Media is usually washed in old tank water that you've taken out during a water change. Sponges can be squeezed until all the gunk has gone. Ceramic media can be swooshed around to remove it. Carbon cartridges can be rubbed and squeezed. Carbon granules can be carefully washed by rubbing the back, but the carbon tends to break up if you are not gentle.

The good bacteria are bound tightly to surfaces in the biofilm so as long as you are gentle the bacteria colonies won't come to harm.
I have a rougher and finer sponge, as well as a small bag of ceramic noodle type things, in each filter.

I've been washing out the sponges in a bucket of old tank water every couple of weeks. It seems I had a grasp on cleaning the filters, but I just had to ask because I really want to help the fish. I will be washing out the filters more frequently and thoroughly. I will probably buy a carbon cartridge for the quarantine tank after I'm done using it.

Thank you for the reply, I am now assured I won't hurt the bacteria colonies!
 
The aggression will be due to the mollies being both male. Someone else may offer better advice but perhaps a tank separator is needed.
This can be the case. When kept in a group, a hierarchy can develop amongst them. Dominant males will chase submissive males . But dominant males can also fight eachother. just to see who's the bigger one in the group. That's normal behavior. But sometimes it can become very aggressive and then you need to make a choice which one stays and which one should leave. But in general, it will pass once everyone knows its place within the group.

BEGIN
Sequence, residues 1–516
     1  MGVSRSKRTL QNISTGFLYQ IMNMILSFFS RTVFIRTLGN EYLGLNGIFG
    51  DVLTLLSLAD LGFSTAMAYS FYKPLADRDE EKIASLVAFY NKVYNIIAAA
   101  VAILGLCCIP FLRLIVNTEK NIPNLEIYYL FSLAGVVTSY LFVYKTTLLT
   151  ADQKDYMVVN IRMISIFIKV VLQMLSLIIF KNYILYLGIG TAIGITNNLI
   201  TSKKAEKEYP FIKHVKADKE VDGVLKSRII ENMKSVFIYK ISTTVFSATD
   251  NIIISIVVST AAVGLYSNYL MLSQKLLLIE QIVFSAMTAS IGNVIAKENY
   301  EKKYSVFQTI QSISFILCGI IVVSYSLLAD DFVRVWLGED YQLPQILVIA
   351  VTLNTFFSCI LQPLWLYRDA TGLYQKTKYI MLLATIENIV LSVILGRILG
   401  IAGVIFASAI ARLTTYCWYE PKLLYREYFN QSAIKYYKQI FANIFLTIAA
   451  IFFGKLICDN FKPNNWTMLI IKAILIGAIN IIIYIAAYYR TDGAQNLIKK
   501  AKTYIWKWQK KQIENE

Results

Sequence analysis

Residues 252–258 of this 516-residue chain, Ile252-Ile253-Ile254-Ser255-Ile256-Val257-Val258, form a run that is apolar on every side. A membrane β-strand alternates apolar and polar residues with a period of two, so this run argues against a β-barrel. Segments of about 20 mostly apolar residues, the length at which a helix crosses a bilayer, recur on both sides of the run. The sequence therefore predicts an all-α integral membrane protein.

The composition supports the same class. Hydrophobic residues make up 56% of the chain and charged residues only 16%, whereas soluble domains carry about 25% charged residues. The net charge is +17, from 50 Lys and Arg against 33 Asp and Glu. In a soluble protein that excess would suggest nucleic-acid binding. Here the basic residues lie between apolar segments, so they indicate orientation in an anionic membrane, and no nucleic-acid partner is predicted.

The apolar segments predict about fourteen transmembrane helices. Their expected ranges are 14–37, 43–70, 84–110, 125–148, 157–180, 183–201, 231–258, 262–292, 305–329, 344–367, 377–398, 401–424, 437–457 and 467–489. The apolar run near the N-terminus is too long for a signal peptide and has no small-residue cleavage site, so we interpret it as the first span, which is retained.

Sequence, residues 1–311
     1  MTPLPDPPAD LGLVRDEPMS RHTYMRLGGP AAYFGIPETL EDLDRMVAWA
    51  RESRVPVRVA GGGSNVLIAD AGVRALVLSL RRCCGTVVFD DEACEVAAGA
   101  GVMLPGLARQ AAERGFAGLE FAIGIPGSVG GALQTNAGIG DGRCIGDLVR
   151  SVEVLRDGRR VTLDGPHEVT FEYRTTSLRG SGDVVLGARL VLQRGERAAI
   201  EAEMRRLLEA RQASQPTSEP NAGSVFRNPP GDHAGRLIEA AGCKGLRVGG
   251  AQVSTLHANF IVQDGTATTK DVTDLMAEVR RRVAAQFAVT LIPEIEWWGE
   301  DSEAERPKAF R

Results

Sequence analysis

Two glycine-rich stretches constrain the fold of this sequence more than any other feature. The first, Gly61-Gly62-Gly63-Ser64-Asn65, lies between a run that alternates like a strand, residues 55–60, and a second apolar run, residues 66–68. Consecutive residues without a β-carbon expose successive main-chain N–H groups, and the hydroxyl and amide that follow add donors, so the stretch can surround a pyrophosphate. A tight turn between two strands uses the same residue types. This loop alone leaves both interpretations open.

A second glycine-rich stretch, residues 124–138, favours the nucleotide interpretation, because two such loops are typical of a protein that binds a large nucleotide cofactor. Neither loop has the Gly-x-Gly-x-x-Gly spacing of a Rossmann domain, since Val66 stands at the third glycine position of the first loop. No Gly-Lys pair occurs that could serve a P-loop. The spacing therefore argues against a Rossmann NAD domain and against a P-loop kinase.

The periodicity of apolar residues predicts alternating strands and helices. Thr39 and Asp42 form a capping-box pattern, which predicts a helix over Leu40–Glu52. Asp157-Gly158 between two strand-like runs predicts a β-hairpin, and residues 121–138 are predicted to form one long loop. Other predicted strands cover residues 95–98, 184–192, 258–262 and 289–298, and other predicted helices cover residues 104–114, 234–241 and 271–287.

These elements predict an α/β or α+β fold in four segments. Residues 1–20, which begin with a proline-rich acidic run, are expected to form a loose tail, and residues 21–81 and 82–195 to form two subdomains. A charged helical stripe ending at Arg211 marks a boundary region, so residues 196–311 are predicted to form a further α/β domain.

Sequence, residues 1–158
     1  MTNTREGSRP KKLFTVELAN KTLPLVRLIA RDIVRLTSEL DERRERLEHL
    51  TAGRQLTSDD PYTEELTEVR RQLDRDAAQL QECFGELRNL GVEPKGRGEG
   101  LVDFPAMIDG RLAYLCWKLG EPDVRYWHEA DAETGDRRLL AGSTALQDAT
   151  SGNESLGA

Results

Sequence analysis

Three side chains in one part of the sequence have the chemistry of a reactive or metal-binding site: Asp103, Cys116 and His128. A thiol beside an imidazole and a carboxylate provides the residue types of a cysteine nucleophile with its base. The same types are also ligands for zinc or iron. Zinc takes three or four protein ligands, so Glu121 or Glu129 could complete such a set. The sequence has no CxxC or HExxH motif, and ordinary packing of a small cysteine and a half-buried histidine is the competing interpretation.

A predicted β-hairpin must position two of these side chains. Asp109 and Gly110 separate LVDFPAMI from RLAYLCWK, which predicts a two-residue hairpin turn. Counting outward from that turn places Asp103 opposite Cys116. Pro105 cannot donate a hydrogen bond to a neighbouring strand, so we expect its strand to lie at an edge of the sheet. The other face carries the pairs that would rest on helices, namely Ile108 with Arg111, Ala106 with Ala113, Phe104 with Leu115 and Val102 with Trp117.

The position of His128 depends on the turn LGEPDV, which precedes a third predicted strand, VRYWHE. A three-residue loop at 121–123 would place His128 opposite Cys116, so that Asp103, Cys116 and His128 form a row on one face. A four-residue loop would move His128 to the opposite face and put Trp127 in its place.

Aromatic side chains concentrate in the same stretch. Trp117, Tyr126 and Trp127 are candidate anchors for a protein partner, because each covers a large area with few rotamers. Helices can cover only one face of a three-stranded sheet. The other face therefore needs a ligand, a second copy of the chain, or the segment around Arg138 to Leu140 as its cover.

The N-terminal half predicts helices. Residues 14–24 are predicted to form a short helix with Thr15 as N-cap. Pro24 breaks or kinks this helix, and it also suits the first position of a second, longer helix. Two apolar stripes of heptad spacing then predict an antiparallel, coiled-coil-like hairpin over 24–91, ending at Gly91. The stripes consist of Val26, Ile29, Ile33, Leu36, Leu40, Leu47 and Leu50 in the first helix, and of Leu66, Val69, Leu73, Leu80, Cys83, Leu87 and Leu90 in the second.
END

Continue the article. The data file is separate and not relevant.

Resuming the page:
It sounds like stress from water parameters and aggression were both factors. It also seems like you have received good advice and acted appropriately.

As for cleaning your filters, just shake out most of the sludge in a bucket of old tank water during a water change so that the filter doesn't lose efficiency. The riper the better--until it is clogged.

With a big enough tank and enough tank mates as distractions, molly aggression usually isn't bad. If the 64 liter is what you will have mollies in, it would be best to have one male and multiple females. A lot of live plants will help with aggression, nitrate, and stress reduction while providing shelter for any babies that you get.
 
It sounds like stress from water parameters and aggression were both factors. It also seems like you have received good advice and acted appropriately.

As for cleaning your filters, just shake out most of the sludge in a bucket of old tank water during a water change so that the filter doesn't lose efficiency. The riper the better--until it is clogged.

With a big enough tank and enough tank mates as distractions, molly aggression usually isn't bad. If the 64 liter is what you will have mollies in, it would be best to have one male and multiple females. A lot of live plants will help with aggression, nitrate, and stress reduction while providing shelter for any babies that you get.
Sorry for the late reply, I didn't get a notification for some reason (?).

Thank you for the tips about the filters!

I used to keep mollies in a 100 liter (26 gallon) tank a couple of years back and they never had health or aggression problems. I also assumed the aggression would get dispersed with the 10 adults I kept in this 64 liter (17 gallon) tank, but it was always a problem. I kept lots of live plants and the fish did breed, with a number of the fry getting to sub-adulthood before I re-homed them.



I'll do an update in this reply, as well:

I decided to buy a couple more small tanks, so now the shrimp are separated in a small tank, and the rest of the tanks house a male black molly each. None of the aquariums have more than 20 nitrates. I did the same treatment with the remaining fish. I redosed the aquarium salt with the fish I started treating when I first posted. The fish I already treated seem to be doing better. I got a blurry photo of the fish I just started treating, you can view it on Imgur.

Thank you for your replies everyone!